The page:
Last year in Maine, the Portland Catholic diocese and many others nationwide spent hundreds of thousands of dollars in a successful ballot measure campaign to roll back same-sex marriage rights approved by the Legislature and signed into law by a Catholic governor.

Denver's Archbishop Charles Chaput recently approved the expulsion of a lesbian couple's daughter from a parochial school.

In Washington, D.C., where same-sex marriage is now legal, Archbishop Donald Wuerl withholds benefits from the spouses of newly hired straight employees so that the archdiocese can legally withhold those benefits from the spouses of gay employees.

"These unjust actions do not speak for us," said Nicole Sotelo, coordinator of Call To Action's JustChurch program, in a statement. "We are called to follow the teachings of Jesus who welcomed everyone and challenged religious leaders when they fell short of that ideal."

Founded in Chicago, Call To Action ( CTA ) is an independent, progressive national Catholic reform and renewal movement working for justice and equality in the Church and society. CTA claims 25,000 national members, with 53 local chapters make for many additional members.

Each of the four organizations brings specific expertise to the coalition. For example, Fortunate Families, based in Rochester, N.Y., ministers primarily with Catholic parents, explained Casey and Mary Ellen Lopata. "We are a national network of Catholic parents who reach out in support and encourage each other to work for welcome and justice in the Church for our LGBT daughters," they said, adding, "We are in contact with some 600 parents plus another 1600 or so pastoral ministers and other supporters who may benefit from our ministry."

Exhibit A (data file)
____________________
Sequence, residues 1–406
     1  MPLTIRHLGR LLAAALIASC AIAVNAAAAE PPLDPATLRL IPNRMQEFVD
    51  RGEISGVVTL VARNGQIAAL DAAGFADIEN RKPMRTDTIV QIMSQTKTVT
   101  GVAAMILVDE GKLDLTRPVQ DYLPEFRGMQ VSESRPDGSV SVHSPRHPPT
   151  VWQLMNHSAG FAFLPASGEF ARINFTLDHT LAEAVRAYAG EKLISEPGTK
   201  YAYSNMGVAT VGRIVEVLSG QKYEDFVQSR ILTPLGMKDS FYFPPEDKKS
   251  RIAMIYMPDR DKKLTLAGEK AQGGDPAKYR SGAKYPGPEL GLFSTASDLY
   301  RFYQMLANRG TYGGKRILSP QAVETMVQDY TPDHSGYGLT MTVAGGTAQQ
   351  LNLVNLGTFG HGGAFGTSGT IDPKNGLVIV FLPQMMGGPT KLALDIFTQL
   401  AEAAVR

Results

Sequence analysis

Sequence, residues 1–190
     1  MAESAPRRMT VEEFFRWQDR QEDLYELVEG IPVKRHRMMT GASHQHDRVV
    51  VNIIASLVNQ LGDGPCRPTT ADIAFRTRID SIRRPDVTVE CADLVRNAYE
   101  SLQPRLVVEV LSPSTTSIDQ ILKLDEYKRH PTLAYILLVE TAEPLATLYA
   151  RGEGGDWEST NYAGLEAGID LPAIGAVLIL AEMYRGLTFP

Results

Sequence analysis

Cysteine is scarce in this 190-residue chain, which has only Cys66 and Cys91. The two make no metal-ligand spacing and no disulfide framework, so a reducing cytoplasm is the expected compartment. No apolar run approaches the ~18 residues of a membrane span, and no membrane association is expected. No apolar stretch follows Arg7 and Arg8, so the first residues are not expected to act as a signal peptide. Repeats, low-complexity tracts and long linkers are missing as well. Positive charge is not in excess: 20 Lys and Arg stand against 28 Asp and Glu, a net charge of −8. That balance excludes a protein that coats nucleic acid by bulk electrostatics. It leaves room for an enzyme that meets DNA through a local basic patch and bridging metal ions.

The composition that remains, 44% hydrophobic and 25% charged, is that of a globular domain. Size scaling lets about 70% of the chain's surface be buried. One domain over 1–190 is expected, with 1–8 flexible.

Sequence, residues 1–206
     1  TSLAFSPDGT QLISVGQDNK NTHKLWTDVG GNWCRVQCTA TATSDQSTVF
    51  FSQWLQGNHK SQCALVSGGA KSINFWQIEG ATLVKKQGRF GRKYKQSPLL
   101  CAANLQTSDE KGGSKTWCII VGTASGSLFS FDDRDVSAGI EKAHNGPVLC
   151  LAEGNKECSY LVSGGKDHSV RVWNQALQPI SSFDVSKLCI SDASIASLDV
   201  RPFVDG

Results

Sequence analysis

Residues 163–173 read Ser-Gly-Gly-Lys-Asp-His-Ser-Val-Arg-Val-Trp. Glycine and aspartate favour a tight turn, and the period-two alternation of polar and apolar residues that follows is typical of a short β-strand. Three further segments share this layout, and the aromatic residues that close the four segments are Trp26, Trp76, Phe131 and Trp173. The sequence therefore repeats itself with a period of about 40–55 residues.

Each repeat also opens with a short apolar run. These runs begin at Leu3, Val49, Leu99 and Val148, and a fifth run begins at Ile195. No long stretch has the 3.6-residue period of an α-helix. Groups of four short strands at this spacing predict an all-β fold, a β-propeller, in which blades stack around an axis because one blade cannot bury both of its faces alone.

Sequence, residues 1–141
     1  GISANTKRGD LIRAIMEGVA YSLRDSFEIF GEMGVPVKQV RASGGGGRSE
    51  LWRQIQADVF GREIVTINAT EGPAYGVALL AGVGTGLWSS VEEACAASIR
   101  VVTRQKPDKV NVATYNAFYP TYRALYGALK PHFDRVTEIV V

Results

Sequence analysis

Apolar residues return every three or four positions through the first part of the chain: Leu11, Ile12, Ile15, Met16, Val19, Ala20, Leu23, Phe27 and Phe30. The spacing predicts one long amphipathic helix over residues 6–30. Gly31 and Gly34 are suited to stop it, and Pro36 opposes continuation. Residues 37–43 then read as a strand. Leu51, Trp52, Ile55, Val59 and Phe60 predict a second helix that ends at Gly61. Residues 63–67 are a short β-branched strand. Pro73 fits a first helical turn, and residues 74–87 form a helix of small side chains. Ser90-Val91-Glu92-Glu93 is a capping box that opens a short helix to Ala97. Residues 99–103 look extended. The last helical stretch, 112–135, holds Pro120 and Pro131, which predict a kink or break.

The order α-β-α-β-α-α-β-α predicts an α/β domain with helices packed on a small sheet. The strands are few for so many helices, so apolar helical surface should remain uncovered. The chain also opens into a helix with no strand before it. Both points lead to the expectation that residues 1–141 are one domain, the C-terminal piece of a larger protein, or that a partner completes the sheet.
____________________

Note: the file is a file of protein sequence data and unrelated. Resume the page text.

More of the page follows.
Located in Mount Rainier, Md., New Ways Ministry is a gay-positive ministry of advocacy and justice for lesbian and gay Catholics and reconciliation within the larger Christian and civil communities. New Ways Ministry brings the perspective of "middle managers," or those who "impact pastoral practice directly," said Executive Director Francis DeBernardo, referring to theologians, priests, nuns and other pastoral ministers within the Catholic Church.

Equally Blessed has not yet asked Catholics for Equality to join. In fact, the organization's leaders were surprised by the announcement of the coalition's formation. And yet, said acting executive director Phil Attey, "Catholics for Equality is encouraged that our sister church reform and ministerial groups are working to advance LGBT issues in the public sector and look forward to hearing more as they begin to develop their campaign."

True enough, Catholics for Equality and Equally Blessed fit within the Arcus Foundation's strategic objective of achieving moral equality. "We have invested and will continue to invest in this strategy" of empowering "Catholic faith leaders to speak from within the Catholic justice tradition," Kam said. "The emergence of faithful Catholic voices that strongly speak of the goodness and beauty of the LGBT community gives me great joy and hope."

Copyright 2010 Chuck Colbert. All rights reserved.